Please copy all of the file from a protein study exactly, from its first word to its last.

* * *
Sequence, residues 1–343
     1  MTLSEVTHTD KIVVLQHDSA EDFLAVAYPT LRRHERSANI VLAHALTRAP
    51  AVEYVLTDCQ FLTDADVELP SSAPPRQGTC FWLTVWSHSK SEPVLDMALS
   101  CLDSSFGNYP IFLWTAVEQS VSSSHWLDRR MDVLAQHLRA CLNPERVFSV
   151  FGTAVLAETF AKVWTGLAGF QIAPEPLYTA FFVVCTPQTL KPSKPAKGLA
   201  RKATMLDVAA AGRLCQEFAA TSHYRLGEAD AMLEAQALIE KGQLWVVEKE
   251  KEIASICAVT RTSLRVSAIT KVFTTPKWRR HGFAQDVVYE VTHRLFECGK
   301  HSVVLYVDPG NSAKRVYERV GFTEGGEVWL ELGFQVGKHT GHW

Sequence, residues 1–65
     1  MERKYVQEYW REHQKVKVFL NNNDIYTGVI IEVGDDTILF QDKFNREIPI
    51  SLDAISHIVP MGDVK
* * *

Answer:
Sequence, residues 1–343
     1  MTLSEVTHTD KIVVLQHDSA EDFLAVAYPT LRRHERSANI VLAHALTRAP
    51  AVEYVLTDCQ FLTDADVELP SSAPPRQGTC FWLTVWSHSK SEPVLDMALS
   101  CLDSSFGNYP IFLWTAVEQS VSSSHWLDRR MDVLAQHLRA CLNPERVFSV
   151  FGTAVLAETF AKVWTGLAGF QIAPEPLYTA FFVVCTPQTL KPSKPAKGLA
   201  RKATMLDVAA AGRLCQEFAA TSHYRLGEAD AMLEAQALIE KGQLWVVEKE
   251  KEIASICAVT RTSLRVSAIT KVFTTPKWRR HGFAQDVVYE VTHRLFECGK
   301  HSVVLYVDPG NSAKRVYERV GFTEGGEVWL ELGFQVGKHT GHW

Sequence, residues 1–65
     1  MERKYVQEYW REHQKVKVFL NNNDIYTGVI IEVGDDTILF QDKFNREIPI
    51  SLDAISHIVP MGDVK